- Uitgever:Pennsylvania State University Press
- Bindwijze:Linnen band met stofomslag
- Aantal Pagina's:390
- Genre:Over literatuur
The Tragic Years 1925-1972
This third and final volume of Wilhelm's life of Ezra Pound commences with Pound's departure from Paris at the height of his writing career for Italy, where he hoped to find a quieter life, and it takes him to his death in 1972. It tells how he settled in Rapallo and soon found Mussolini's fascism to be amenable to his own political and economic ideas, especially during the dark days of the Great Depression.
As Italy girded itself for World War II, Pound was almost haphazardly drawn into the web, and he foolishly agreed to broadcast on Radio Rome for the Duce, even after the bombing of Pearl Harbor. When Italy fell to the Allies, Pound was put first into a dreadful American detention camp at Pisa and then was flown to Washington to be tried for treason. He escaped conviction on grounds of insanity, but he was then remanded to St. Elizabeths Hospital, where he languished for twelve years.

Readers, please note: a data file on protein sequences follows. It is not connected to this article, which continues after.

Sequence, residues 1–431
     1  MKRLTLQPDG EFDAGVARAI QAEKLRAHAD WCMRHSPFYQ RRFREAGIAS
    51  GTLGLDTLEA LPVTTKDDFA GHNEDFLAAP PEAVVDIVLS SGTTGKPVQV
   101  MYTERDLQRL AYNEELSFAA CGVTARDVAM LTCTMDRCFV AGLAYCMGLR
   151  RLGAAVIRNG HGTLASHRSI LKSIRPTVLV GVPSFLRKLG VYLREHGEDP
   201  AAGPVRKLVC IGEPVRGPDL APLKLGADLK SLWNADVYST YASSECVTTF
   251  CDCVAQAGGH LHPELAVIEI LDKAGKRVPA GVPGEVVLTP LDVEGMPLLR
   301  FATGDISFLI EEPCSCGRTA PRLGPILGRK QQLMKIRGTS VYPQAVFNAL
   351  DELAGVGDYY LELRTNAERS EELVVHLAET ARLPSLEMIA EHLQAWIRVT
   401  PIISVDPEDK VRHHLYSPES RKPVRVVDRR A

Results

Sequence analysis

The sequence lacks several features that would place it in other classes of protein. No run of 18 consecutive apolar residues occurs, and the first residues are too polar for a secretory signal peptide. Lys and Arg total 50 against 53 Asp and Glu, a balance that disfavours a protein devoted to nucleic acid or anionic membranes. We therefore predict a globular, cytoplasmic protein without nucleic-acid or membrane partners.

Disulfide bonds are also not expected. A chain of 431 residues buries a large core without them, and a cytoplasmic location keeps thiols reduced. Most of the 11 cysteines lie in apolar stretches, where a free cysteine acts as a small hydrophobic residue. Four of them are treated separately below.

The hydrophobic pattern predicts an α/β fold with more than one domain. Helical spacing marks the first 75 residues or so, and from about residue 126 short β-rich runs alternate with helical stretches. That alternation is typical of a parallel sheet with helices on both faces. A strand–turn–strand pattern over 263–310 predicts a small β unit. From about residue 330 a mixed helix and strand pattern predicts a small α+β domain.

Despite the incarcerations, Pound produced during this time some of his most magnificent poetry, including The Pisan Cantos and numerous excellent translations from the Chinese and Greek. He also heavily influenced an entire generation of poets ranging from Robert Lowell to Allen Ginsberg.
With the help of Archibald MacLeish and Robert Frost, Pound was eventually freed in 1958. He returned to Italy, where he lived for a time with his wife and daughter. During the final years of his life, he eventually returned to live with his aged lover, Olga Rudge, in Venice and Rapallo. He died in Venice in 1972 and is buried next to Igor Stravinsky, whose work his own strongly resembles, since they both fought for liberation from traditional forms.